Do you remember a teacher who helped you?

“I never talked to a man for more than five minutes without wanting to box his ears’ “

Miss Moffat

Iwan Davies as Morgan Evans (Photo: Johan Persson)

The Corn is Green is a largely autobiographical play set in a mining community in Wales about an exceptional teacher Miss Moffat (Nicola Walker) and her schoolboy student Morgan Evans (Iwan Davies).  There are two interesting time shifts about the writing and setting.  Emlyn Williams wrote it in 1938 when he was 33 looking back at his schooldays but set it in late Victorian times, several years before he was born. 

The play opens with, in silhouette, a party from the 1930s where grown up Emlyn Williams (Gareth David-Lloyd), now a famous actor and writer,  is thinking back to his schooldays and his days in the mining village.  Black faced miners assemble as Emlyn Williams looks at both the worlds he occupies.  The miners sing as only the Welsh can. 

Emlyn takes to his typewriter which continues typing on its own.  Enter the cheerful and contained Miss Moffatt (Nicola Walker) who has inherited a large house and who determines to start a school.  The local squire (Rufus Wright) often a comedic figure assumes it cannot be a woman who wrote to him because the letter paper wasn’t scented.  Miss Moffatt is an educated woman and a philanthropist as she employs Mrs Watty (Jo McInnes) a woman with a “light fingered” past.

Miners in The Corn is Green (Photo: Johan Persson)


Nicola Walker is transfixing as she remains bright and breezy and so open to new ideas.  She is such a commanding stage presence I defy anyone not to be bowled over by her performance as Miss Moffat. She recognises the writing talent of young Morgan Evans (Iwan Davies) which includes a piece he wrote including the phrase “the corn is green” and decides to coach him into competing for a scholarship at Trinity College, Oxford.  In fact Emlyn Williams went to Christ Church Oxford.  

Act Two is not set in the makeshift schoolroom but in Miss Moffat’s house where the miners’ choir fits into the bay window after singing beautifully and holding Davy lamps to light their way.  Act two has a difficult situation which might prevent Morgan Evans fulfilling his academic dreams or should that be Miss Moffat’s dreams for him?   We know that in real life Miss Cooke sent Emlyn to Switzerland to a friend to study French but in the play she makes the ultimate sacrifice completely changing her life style to help him.  The events of Act Two are not entirely credible but sentimental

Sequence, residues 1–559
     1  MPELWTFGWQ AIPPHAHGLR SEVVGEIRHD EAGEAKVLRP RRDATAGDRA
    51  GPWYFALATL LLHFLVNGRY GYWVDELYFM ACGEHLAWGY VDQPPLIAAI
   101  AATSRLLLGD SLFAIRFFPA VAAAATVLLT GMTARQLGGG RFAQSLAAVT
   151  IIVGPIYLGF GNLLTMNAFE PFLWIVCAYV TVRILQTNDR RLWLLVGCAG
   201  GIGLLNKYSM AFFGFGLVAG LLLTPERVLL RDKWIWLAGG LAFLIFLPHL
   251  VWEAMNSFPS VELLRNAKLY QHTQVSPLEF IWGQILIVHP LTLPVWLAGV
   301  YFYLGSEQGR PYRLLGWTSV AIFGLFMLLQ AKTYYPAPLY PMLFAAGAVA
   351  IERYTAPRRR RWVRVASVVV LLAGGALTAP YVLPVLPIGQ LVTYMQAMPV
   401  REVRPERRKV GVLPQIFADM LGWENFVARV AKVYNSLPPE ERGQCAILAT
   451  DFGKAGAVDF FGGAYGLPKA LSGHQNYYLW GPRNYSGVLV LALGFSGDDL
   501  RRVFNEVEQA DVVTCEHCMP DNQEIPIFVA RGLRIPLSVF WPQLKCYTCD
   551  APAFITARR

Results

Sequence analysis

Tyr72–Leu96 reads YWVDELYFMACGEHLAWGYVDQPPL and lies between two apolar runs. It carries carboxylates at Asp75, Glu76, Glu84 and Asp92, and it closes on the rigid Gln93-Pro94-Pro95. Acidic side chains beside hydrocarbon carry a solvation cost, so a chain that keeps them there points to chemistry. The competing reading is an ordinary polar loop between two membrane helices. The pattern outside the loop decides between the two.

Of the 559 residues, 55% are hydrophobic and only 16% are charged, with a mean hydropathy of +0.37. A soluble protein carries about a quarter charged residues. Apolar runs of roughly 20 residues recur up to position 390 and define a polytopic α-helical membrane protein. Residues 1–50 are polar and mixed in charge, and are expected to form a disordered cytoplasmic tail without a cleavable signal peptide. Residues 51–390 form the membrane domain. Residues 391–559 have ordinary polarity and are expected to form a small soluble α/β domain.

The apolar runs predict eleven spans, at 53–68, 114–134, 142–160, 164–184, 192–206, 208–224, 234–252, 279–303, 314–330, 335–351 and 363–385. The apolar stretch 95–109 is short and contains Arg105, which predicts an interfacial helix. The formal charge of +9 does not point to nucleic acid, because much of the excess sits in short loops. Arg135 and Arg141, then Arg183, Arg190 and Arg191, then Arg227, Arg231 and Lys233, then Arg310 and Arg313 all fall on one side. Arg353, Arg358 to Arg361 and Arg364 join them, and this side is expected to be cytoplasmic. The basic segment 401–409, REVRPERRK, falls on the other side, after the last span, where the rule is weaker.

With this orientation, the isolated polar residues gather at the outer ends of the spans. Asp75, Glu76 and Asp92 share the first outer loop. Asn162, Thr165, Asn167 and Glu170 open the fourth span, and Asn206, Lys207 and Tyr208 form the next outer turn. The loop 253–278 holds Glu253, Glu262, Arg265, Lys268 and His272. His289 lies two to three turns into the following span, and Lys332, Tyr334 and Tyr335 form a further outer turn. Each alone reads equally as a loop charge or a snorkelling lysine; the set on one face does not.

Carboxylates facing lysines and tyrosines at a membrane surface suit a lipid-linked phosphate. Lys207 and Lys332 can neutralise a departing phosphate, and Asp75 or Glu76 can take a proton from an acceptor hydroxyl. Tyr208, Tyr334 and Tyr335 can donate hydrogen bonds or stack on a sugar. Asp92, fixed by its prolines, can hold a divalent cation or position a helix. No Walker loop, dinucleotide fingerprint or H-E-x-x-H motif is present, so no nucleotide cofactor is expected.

Nicola Walker as Miss Moffatt (Photo: Johan Persson)

The Corn is Green  has an interesting history of appealing to great actresses from Sybil Thorndike to Bette Davies to Kathryn Hepburn as Morgan Evans’s  journey fits the American Dream of self enrichment at the hands of an excellent teacher.  I can remember the days when the Inner London Education Authority was peopled by so many Welsh teachers they were called the Welsh Mafia.   A musical version setting it in the Southern states with an African American pupil failed.

This play will be a popular choice for parties of school teachers and I saw several on the night I went.  This play will remind them of the talent they have fostered over the years.  I shall remember Nicola Walker’s riveting performance and Miss Moffat’s dedication to excellence.   The production is due to come to America but without Nicola Walker. 

Cast in The Corn is Green (Photo: Johan Persson)

Production Notes

The Corn is Green

Written by Emlyn Williams

Directed by Dominic Cooke



Nicola Walker  

Rufus Wright 

Alice Orr-Ewing 

Saffron Coomber 

Gareth David-Lloyd 

Iwan Davies 

Richard Lynch 

Jo Mcinnes 



Debra Penny 

Gareth Kennerley 

Jonathan Hawkins 

Kristian Morse 

Matthew Hargreaves 

Megan Grech 

Peter Willcock 

Rebecca Todd 

Steffan Rizzi 

Siôn Emlyn 

Ben Francis 

Gwion Glyn 

Steffan Hughes 

John Ieuan Jones 

Tomas Moya 

Garyn Williams

Adam Baker 



Director: Dominic Cooke

Designer: ULTZ

Composer, Director and Musical Direction: Will Stuart

Lighting Designer: Charles Balfour

Sound Designer: Christopher Shutt

Choreographer: Bill Deamer Hosker


Running Time: Two hours 40 minutes with an interval

Booking to 11th June 2022


Lyttelton Theatre

National Theatre

South Bank

London SE1 9PX

Tube/Rail : Waterloo


Reviewed by Lizzie Loveridge at the

Lyttelton Theatre  on 26th April 2022